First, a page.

My belief is that preparing intensively for case study interviews results in a considerable advantage. The bottom line is that to get a job offer from a top firm, you should expect to spend around 50 hours of preparation - definitely a substantial investment of time, but it will be entirely repaid if you get a job with a top tier management consulting firm!
Peter Harrison (email) is a former Executive Director of Goldman Sachs London and spent a summer internship at McKinsey London while attending Kellogg Business School in the US. Harrison Careers Services helps students get jobs with consulting firms.
How to get a job in a City Law firm:
Interview coaching from professionals who have worked at the top City law firms
Securing a Training Contract with a top City law firm is extremely competitive and difficult. Bear in mind, however, that the reason the selection procedure is so tough is because of the value of the prize on offer, and the huge number of candidates chasing the prize. To have a chance of getting hired, your application or interview has to stand out from thousands of others.
Why become a lawyer?
As a lawyer in a City law firm, you will be extremely well remunerated throughout your career. It was recently estimated in Legal Week that the career earnings of a partner in a Magic Circle firm could be as high as £20 million. You will also have a comparatively secure job, by comparison with other careers in the city such as banking, and hold an invaluable professional qualification. The opportunities for career progression within private practice are numerous and well-defined - it's a realistic goal, for a talented and hard-working individual, to attain partnership within about 8 years of qualification.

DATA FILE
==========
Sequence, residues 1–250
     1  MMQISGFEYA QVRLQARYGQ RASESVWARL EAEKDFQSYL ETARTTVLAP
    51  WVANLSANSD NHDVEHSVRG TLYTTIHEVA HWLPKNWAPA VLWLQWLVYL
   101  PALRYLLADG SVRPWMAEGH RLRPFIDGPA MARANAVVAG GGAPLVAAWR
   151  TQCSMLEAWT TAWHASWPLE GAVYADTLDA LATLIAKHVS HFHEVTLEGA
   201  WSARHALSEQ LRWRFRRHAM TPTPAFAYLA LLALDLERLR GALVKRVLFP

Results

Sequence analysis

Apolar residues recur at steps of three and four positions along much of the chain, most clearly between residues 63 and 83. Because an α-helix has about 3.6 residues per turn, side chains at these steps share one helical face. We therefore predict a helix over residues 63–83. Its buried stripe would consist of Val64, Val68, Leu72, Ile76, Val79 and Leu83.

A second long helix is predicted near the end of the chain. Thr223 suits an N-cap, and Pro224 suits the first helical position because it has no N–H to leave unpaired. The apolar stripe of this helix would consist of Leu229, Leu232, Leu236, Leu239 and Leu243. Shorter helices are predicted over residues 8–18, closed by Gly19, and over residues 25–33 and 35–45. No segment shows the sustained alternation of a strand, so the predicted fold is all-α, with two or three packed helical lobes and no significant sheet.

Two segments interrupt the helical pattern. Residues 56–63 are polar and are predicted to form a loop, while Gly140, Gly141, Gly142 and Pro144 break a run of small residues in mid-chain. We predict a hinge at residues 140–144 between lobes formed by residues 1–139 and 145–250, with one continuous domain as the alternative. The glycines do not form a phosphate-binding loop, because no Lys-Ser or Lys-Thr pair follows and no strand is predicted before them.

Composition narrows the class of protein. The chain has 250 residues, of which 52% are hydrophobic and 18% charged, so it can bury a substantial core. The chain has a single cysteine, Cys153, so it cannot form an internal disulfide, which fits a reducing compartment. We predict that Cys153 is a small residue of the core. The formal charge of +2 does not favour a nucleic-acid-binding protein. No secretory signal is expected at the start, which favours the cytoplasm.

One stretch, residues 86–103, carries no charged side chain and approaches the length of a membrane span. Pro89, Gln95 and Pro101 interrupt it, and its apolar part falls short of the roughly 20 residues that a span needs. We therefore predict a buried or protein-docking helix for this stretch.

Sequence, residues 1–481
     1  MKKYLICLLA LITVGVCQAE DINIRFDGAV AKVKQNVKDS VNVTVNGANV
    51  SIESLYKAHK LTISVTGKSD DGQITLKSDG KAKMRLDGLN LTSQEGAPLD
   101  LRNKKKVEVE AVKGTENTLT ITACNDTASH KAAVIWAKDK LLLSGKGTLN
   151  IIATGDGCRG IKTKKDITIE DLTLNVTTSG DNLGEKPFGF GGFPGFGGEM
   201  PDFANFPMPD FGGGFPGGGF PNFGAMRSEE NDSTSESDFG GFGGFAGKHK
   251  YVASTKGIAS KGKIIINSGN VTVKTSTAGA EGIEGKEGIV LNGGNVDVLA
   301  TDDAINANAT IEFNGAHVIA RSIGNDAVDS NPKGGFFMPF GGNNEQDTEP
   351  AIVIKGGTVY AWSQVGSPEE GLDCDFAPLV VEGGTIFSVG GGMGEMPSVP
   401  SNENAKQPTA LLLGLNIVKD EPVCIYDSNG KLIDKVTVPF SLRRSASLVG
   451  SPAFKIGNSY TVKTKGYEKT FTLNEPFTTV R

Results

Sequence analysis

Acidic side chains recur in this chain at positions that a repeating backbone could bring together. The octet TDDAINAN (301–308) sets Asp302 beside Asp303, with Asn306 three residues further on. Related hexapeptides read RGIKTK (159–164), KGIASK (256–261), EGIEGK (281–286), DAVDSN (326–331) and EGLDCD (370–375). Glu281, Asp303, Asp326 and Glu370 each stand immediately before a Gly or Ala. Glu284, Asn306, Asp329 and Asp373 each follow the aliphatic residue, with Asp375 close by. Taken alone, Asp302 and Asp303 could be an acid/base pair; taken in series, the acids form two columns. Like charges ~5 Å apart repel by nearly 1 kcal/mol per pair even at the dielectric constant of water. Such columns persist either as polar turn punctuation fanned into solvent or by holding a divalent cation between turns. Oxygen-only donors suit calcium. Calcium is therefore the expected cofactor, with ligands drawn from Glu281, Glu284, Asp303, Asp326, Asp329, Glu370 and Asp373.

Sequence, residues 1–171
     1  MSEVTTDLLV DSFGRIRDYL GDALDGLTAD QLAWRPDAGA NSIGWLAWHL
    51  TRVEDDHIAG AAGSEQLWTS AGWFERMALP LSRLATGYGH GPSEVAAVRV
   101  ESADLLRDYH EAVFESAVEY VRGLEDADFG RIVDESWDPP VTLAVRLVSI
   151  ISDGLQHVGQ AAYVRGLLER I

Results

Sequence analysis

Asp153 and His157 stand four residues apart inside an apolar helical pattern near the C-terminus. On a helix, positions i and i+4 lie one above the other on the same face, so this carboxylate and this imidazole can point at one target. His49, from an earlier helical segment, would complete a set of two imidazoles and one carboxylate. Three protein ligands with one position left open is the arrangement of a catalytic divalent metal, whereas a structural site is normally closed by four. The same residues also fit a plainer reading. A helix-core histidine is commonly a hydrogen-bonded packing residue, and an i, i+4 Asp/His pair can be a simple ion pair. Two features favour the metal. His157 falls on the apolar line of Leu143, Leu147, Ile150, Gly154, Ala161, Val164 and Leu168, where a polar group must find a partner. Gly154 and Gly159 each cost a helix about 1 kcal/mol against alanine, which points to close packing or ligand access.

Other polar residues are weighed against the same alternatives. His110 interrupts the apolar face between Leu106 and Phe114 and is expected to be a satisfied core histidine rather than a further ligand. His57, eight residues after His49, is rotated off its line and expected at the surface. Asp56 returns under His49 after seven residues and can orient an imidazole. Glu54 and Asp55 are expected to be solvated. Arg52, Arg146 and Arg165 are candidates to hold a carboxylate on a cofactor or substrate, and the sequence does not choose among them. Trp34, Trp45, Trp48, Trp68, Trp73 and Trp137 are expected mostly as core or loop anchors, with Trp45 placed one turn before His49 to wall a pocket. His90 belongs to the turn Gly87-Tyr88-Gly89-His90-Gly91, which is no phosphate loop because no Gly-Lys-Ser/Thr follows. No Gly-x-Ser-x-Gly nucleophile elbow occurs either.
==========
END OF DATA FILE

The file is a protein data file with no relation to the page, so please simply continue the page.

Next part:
Career opportunities outside private practice are vast and varied. Lawyers are employed in-house in Investment Banks, Management Consulting firms, FTSE 100 companies and by the Government. Equally, your legal training will equip you for a relatively easy switch to a different industry such as finance, business or commerce, because the qualities developed during the traineeship - e.g. attention to detail, corporate understanding, financial acumen, clarity of expression, etc - make lawyers sought-after commodities in the City.
The key to a successful application to a City law firm is simple: you must have excellent content and substance, and present this clearly to the reader. Every sentence of your application should have sufficient content to convince the recruiters that you would be a successful and industrious Trainee, and you must exhibit attention to detail - no spelling or grammatical errors! You should be able to display an understanding of the following: